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New exhibit for Zoo’s Amur tigers opens to the public on March 17
Denver Zoo veterinarians found Amur tiger brothers Nikolai and Thimbu (TIM-boo) to be healthy cats during recent general wellness checks ahead of their moves to The Edge, the Zoo’s new tiger exhibit. Soon the 6-year-olds will get to know the yards of their expansive, new home, which nearly doubles the outdoor space they enjoyed at the Zoo’s Felines Exhibit. Opening to the public on March 17, The Edge will also offer several unique ways for guests to see the tigers from multiple perspectives.
The brothers were given a full workup by veterinarians as part of the zoo’s preventive medicine program in order to assess their health prior to moving to their new space. These exams included inspections of their eyes, ears, joints and coats, along with dental exams, which involved the polishing of their very large teeth. Veterinarians also performed ultrasounds of the tigers’ livers and kidneys, organs that can often develop problems in large cats, and vaccinated them for a handful of feline diseases.
Nikolai and Thimbu were born on June 1, 2010, half of a litter of quadruplets born to parents Koshka (KOOSH-kah) and Waldemere. Thimbu is taller and longer than his brother, but also lighter, weighing a little under 400 pounds. Zookeepers distinguish him by his lighter colored fur and freckled nose. Zookeepers describe Nikolai as relaxed and playful and distinguish him by the inverted number “8” color pattern on his right cheek. He is also currently the largest of the Zoo’s three tigers, weighing in at just over 400 pounds. The brothers join female Nikita, who moved into the exhibit in late January, in different yards of the exhibit.
Located at the southeastern portion of the Zoo, The Edge will bring guests closer than ever to the Zoo’s tigers. As guests approach the exhibit they will see the tiger yards a little more than an arm's length away, at ground level. Elevated lofts will allow tigers to stride 12 feet over visitors’ heads. The inside of the exhibit’s guest viewing area will feature a perforated wall with small holes forming an artistic design. As guests walk closer, the design will appear to fade away as they discover those holes lead directly into the yards, six exposed inches from the 300-400-pound cats. Just out front of the exhibit will be a small, multi-level seating area to provide guests different perspectives to see the cats as zookeepers work with them in daily demonstrations. In addition, a 3,000-square-foot building in the back of the exhibit will allow zookeepers and veterinarians to provide outstanding animal care with plenty of room to administer procedures, easily move cats back and forth, and train them to assist in their own health care.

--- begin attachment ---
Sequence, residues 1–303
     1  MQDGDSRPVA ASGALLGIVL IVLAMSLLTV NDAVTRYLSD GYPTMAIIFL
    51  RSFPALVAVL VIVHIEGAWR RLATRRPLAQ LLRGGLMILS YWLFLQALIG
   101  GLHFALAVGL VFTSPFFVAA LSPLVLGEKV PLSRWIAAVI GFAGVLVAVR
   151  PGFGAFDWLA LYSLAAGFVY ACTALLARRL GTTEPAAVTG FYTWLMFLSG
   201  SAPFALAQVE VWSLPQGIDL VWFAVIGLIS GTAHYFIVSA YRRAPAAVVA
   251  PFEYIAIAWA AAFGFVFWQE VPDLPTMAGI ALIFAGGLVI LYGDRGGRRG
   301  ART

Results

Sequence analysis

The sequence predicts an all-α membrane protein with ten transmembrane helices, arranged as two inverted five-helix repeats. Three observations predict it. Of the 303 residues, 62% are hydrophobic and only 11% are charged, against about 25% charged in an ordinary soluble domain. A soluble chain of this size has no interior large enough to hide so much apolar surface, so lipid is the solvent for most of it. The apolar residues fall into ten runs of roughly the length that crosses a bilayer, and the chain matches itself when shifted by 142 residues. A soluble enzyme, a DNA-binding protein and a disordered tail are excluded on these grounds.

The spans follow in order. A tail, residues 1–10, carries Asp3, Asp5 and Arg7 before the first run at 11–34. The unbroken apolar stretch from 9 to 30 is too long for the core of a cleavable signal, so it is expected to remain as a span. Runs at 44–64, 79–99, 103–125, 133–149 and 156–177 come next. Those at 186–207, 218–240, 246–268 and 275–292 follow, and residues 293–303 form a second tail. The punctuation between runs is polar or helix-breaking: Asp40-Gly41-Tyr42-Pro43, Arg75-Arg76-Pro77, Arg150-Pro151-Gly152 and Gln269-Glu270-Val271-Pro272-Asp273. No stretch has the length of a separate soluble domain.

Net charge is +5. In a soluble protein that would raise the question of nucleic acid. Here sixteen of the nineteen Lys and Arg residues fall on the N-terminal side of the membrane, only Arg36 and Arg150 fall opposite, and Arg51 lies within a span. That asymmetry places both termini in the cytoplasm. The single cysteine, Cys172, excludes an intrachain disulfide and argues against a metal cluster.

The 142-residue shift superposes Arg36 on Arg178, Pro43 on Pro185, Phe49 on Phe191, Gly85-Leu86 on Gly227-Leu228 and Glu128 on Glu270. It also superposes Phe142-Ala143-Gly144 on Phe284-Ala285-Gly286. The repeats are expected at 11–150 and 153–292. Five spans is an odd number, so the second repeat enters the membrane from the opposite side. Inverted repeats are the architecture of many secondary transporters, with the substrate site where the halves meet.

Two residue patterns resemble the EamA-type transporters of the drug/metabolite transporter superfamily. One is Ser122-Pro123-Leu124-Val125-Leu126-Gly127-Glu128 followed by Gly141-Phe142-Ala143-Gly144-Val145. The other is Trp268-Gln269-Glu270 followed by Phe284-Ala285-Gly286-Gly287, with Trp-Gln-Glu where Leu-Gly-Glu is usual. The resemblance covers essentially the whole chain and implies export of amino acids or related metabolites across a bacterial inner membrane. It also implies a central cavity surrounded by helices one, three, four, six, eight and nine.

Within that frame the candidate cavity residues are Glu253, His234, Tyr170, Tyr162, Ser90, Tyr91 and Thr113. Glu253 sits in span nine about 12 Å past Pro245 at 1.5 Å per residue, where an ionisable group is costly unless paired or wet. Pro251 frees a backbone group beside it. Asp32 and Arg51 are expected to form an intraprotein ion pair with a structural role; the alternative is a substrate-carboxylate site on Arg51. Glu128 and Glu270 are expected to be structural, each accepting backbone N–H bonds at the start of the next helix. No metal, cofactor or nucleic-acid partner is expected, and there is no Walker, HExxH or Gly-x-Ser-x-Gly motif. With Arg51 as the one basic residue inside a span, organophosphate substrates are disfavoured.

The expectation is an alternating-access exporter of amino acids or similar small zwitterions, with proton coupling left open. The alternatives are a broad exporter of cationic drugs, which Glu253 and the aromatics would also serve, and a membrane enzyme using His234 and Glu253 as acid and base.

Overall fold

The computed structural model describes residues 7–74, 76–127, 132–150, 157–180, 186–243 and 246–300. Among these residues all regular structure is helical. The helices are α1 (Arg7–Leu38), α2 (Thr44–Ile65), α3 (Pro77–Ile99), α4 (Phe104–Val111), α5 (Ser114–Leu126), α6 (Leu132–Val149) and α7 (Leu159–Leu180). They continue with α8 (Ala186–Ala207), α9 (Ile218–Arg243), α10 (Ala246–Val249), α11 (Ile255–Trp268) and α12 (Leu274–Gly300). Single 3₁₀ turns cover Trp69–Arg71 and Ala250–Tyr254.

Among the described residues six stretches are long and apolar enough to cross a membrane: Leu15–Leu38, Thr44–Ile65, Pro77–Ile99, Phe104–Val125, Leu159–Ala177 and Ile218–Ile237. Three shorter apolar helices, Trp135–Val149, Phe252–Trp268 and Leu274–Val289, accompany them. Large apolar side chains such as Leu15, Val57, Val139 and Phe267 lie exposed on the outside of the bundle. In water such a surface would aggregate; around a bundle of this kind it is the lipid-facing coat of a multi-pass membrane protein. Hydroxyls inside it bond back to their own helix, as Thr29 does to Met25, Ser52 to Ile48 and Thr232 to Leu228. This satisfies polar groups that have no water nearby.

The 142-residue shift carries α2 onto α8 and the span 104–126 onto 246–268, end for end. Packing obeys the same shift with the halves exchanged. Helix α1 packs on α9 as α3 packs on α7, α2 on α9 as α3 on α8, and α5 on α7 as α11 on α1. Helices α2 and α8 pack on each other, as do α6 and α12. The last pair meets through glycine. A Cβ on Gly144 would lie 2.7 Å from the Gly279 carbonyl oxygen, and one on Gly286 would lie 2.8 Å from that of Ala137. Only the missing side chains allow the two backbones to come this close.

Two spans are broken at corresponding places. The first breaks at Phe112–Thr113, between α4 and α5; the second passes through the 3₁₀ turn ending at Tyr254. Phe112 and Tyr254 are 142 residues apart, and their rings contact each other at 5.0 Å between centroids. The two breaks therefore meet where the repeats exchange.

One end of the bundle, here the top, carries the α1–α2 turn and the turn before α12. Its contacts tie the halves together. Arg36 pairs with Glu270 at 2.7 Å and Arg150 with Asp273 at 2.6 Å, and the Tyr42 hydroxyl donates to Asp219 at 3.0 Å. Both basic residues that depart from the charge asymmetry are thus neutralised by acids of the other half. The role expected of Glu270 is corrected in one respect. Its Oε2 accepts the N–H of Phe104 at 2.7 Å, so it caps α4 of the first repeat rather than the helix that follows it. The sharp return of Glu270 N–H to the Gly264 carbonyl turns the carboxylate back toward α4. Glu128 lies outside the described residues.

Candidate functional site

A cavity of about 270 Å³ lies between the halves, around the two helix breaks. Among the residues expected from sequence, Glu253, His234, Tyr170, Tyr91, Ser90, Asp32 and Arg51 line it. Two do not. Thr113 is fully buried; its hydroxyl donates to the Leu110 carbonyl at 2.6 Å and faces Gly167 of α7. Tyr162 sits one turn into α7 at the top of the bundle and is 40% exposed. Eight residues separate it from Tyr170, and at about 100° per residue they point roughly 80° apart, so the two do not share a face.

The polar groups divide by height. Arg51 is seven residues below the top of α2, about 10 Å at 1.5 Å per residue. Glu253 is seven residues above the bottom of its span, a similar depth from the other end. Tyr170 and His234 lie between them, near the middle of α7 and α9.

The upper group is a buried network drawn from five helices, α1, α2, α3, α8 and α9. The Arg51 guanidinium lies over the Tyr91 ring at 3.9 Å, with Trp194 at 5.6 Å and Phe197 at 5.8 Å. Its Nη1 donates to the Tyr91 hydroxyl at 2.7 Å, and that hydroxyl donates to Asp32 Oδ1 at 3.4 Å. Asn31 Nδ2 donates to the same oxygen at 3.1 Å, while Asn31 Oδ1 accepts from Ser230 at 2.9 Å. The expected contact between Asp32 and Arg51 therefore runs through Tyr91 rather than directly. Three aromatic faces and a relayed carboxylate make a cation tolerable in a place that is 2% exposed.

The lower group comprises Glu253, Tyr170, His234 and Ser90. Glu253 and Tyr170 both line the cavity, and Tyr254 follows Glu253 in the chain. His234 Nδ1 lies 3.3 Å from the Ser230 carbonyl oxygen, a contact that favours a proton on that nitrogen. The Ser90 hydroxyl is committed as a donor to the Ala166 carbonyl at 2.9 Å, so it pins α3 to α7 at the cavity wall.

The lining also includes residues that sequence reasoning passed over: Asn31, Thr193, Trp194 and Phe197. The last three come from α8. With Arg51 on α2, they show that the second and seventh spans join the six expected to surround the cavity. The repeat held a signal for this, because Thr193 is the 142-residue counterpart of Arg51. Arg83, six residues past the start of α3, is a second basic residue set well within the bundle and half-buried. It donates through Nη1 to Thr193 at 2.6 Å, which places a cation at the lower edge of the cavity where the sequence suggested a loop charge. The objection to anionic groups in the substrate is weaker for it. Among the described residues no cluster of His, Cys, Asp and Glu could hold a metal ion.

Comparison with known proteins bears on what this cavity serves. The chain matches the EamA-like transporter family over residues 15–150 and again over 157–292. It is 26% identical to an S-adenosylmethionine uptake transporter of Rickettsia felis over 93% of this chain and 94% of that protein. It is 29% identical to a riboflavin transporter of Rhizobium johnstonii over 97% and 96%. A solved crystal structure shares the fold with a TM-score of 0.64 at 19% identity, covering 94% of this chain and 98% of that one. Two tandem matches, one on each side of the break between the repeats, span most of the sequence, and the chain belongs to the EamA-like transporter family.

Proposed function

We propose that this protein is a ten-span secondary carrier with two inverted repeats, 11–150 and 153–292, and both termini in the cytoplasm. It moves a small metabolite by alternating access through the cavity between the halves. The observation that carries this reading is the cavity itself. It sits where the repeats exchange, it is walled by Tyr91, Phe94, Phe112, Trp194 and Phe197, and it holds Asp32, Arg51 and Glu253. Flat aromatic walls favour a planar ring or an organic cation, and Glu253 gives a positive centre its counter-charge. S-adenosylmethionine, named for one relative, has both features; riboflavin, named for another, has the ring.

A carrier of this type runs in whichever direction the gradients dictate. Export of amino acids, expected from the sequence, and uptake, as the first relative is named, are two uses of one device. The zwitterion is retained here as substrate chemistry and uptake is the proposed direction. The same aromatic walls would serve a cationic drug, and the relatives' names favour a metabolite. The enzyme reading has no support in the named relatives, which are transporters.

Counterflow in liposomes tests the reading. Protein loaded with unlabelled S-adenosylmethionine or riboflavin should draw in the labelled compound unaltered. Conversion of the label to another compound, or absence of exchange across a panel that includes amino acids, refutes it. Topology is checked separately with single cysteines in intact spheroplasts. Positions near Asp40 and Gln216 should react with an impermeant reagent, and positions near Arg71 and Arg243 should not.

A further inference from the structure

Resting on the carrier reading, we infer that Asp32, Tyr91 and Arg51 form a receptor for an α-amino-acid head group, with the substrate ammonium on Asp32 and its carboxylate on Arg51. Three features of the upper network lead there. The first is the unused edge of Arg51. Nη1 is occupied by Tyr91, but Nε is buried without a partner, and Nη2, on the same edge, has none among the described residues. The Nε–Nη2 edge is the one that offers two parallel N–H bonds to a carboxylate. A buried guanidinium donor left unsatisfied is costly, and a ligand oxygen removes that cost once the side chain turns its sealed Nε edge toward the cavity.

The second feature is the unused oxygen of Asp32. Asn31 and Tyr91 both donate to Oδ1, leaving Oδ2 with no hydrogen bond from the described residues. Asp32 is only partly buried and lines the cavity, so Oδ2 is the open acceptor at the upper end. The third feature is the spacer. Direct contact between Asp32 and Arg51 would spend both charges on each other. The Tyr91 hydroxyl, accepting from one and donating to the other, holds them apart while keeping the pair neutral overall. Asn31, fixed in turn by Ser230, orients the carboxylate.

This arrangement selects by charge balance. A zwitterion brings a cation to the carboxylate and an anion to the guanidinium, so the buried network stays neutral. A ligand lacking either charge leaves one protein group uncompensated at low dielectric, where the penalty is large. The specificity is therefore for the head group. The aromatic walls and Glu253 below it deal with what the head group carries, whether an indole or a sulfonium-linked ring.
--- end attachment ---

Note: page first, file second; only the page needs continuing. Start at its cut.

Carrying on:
This new habitat will nearly double the tigers’ outdoor space from their current home in the Felines Exhibit. Pine trees, that are 120-years-old, are scattered in and around the habitat and provide shade. Large pools will also keep them cool and let them splash and play for enrichment. Through the exhibit’s engaging design, guests can appreciate the tigers’ incredible physicality and unique disposition.
The exhibit is called The Edge for a few reasons. First, to illustrate just how close visitors can get to the tigers; second, to reflect the appearance of the new exhibit. While the exterior of the exhibit showcases an industrial design, the yards themselves look as though they are on the edge of a forest. Finally, the exhibit serves as a reminder to guests that the species is on the edge of extinction, but with continued conservation efforts, they can be saved.
The majority of the exhibit’s construction and portions of its unique design were performed by the Zoo’s own expert staff members, an enormous accomplishment for an in-house project of this scale. CLR Design, and their sub-consultants, assisted with the architecture design and Haselden Construction and other leading local contractors also supported the Zoo in the completion of critical work in the final stages of construction. Financially, The Edge was made possible through a combination of $2.2 million in Better Denver Bond funding from the City and County of Denver and a major investment of time and resources by the Zoo’s talented in-house staff.
Amur tigers are the largest living members of the cat family. Adult males can grow up to 12-feet-long, from nose to tail, and weigh more than 450 pounds. Adult females can grow up to 9-feet-long and weigh up to 370 pounds. Amur tigers also have longer, thicker fur than other tiger species due to the harsh winter conditions in their native habitat.
Amur tigers are classified as endangered by International Union for Conservation of Nature (IUCN), with an estimated population of less than 400 individuals remaining in the wild. These animals were once called Siberian tigers because they were found throughout Siberia. They are now almost completely confined to the Far East portion of Asia, along the Amur River, and because of this they are now commonly called Amur tigers. In addition to habitat loss, the biggest threats to these tigers comes from poaching, both for their fur and their other body parts which are used in traditional Chinese medicine.
Related Upcoming Events:
Media Tour of The Edge
Member Preview Week of The Edge
Grand Opening for The Edge
March 25-April 9
Spring Break: Journey to Asia